Absolution by F. Scott Fitzgerald
Author: F. Scott Fitzgerald
Published: The American Mercury (Jun 1924), All the Sad Young Men (1926)
Genre: Short Stories
“Absolution” is a short story written by F. Scott Fitzgerald in 1924 and published in The American Mercury in the same year. It was later published in his anthology All the Sad Young Men in 1926. Fitzgerald intended for “Absolution” to serve as a background to The Great Gatsby’s plot and Jay Gatsby’s origins. He changed his mind on further revision as it disrupted the novel’s plot and intended effect.
“Absolution” follows eleven-year-old Rudolph Miller, who has an alter ego named Blatchford Sarnemington. As a Catholic, Rudolph is expected to partake in confession monthly. However, lying during a confession is considered an extreme transgression to God; unfortunately, this is just what Rudolph does.
2. Story Summary
The story opens with Rudolph Miller visiting a Catholic priest named Father Adolphus Schwartz. The visit is nerve-wracking for Rudolph because he has to confess a lie he made in a previous confession. Rudolph has an alter ego named Blatchford Sarnemington, who tries, without success, to comfort Rudolph.
Lying during a confession is considered a heavy sin, and in Catholicism, one cannot partake in the Holy Communion if they have sinned. Rudolph panics because by not partaking, his strict father will realize that Rudolph has sinned, but by partaking, he will commit further sins. Rudolph remembers a loophole: if he eats or drinks before service, he can avoid partaking in the Holy Communion. However, his father catches Rudolph before he eats and reprimands him fiercely. Later, Rudolph has no choice but to partake in the Holy Communion.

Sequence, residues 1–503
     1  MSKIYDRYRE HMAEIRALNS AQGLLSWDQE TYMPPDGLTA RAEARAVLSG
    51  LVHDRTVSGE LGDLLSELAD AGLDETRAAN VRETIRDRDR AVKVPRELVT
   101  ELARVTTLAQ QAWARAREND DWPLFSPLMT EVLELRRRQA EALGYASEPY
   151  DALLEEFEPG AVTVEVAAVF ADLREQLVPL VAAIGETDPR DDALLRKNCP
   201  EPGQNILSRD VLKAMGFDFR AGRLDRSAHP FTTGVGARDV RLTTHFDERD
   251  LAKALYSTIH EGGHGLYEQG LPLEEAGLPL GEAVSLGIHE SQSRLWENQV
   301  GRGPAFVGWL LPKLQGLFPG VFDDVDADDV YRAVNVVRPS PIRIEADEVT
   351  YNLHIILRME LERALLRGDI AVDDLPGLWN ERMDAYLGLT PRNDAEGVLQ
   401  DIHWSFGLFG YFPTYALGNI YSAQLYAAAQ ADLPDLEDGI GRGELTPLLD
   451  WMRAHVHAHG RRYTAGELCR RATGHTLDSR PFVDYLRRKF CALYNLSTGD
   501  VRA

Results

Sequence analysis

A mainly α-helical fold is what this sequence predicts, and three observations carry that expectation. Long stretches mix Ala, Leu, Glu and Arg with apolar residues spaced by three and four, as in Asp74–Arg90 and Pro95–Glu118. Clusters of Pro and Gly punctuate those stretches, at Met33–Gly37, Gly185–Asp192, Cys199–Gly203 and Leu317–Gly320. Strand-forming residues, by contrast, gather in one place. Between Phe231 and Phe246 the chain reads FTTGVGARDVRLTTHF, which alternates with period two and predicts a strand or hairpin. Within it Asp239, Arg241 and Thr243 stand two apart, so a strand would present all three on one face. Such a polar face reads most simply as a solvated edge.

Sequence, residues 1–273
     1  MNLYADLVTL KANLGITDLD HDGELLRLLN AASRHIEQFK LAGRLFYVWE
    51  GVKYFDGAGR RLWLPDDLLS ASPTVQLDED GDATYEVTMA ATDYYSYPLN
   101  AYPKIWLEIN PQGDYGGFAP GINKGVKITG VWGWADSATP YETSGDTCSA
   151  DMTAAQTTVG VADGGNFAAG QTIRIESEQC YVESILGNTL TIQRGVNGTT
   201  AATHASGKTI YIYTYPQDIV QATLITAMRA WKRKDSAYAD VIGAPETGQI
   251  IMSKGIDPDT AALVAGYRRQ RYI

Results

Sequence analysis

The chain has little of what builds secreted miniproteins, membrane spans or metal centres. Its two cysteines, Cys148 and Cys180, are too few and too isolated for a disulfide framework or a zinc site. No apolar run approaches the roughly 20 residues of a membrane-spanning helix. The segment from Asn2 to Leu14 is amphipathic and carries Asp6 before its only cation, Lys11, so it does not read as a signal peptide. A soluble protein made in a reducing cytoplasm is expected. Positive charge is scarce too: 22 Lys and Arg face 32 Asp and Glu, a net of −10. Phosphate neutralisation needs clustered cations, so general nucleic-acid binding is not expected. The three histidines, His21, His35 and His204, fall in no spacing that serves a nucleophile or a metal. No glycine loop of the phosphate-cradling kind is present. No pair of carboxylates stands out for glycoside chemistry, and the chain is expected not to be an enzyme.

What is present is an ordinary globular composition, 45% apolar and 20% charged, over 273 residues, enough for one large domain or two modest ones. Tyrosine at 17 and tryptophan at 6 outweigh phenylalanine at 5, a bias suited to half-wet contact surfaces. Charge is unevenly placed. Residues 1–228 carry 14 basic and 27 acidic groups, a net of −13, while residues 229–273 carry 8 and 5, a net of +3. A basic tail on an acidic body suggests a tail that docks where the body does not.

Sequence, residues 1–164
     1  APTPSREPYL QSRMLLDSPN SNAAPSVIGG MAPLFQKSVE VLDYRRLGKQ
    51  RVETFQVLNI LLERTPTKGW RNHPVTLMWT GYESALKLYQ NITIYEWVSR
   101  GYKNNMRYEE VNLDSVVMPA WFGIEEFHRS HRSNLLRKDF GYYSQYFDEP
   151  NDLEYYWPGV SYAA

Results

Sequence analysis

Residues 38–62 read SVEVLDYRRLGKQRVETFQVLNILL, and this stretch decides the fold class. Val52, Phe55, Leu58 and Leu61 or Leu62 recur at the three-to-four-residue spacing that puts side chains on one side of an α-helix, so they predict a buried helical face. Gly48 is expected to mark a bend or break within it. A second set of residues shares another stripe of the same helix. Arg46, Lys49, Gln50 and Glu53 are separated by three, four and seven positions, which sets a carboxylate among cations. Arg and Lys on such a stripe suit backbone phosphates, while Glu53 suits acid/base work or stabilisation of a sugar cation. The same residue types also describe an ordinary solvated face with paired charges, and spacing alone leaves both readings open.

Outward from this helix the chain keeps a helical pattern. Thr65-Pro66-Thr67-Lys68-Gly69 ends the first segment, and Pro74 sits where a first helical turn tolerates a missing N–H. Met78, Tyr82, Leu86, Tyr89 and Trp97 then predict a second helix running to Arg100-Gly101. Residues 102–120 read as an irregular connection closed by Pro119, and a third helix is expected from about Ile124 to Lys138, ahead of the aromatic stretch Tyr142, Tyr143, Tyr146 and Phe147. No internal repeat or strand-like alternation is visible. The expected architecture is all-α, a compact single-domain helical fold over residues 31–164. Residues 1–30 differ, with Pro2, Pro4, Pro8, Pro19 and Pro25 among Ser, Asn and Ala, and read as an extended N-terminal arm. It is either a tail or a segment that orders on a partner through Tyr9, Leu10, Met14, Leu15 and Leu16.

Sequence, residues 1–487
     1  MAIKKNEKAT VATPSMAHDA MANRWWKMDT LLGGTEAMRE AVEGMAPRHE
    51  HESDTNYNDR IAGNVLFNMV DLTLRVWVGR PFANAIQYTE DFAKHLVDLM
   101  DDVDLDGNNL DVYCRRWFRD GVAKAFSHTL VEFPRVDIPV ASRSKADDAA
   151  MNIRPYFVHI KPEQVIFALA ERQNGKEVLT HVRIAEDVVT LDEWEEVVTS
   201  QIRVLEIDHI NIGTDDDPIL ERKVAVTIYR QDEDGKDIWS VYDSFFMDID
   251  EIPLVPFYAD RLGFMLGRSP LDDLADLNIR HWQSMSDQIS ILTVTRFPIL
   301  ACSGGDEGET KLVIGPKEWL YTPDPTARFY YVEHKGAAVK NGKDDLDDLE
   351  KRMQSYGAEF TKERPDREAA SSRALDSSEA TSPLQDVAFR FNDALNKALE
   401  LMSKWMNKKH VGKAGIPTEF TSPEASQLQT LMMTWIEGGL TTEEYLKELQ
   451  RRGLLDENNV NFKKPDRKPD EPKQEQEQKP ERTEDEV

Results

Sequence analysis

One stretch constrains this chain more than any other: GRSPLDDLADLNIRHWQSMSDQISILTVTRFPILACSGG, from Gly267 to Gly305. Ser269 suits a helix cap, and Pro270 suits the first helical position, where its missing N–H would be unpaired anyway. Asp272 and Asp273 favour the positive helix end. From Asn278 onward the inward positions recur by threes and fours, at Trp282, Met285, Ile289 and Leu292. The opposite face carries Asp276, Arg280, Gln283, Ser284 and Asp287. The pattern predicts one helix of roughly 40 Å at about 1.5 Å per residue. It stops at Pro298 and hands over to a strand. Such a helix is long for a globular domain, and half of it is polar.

Later during confession, he admits everything to Father Adolphus. To his horror, the priest collapses on the floor, and a frightened Rudolph scampers away.
A young child that is pressured by the high religious standards his father holds him to.
Father Adolphus Schwartz
Father Adolphus is expected to be exemplary in his faith and conduct as a priest. However, he finds that he, too, is susceptible to temptations, and he struggles as well.
4. Theme: Religion and Morality
“Absolution” addresses the religious and moral standards that some people adhere to. It questions whether hypocrisy is avoidable in attempting to adhere to them and asking others to do the same.
5. Influence on The Great Gatsby
“Absolution” was meant to tell the story of Jay Gatsby’s childhood, with Rudolph Miller displaying similar character traits as Jay Gatsby. Both Rudolph and Jay are charming middle-class boys who desire to make something of themselves and have a rich, elegant alter-ego that they identify with.
6. Quotes from Absolution
“An invisible line had been crossed, and he had become aware of his isolation–aware that it applied not only to those moments when he was Blatchford Sarnemington but that it applied to all his inner life.”
7. Frequently Asked Questions about Absolution
Why did Fitzgerald ultimately not include Absolution in The Great Gatsby?
Fitzgerald originally meant for “Absolution” to give more context to Jay Gatsby’s character but decided against it to preserve his air of mystery.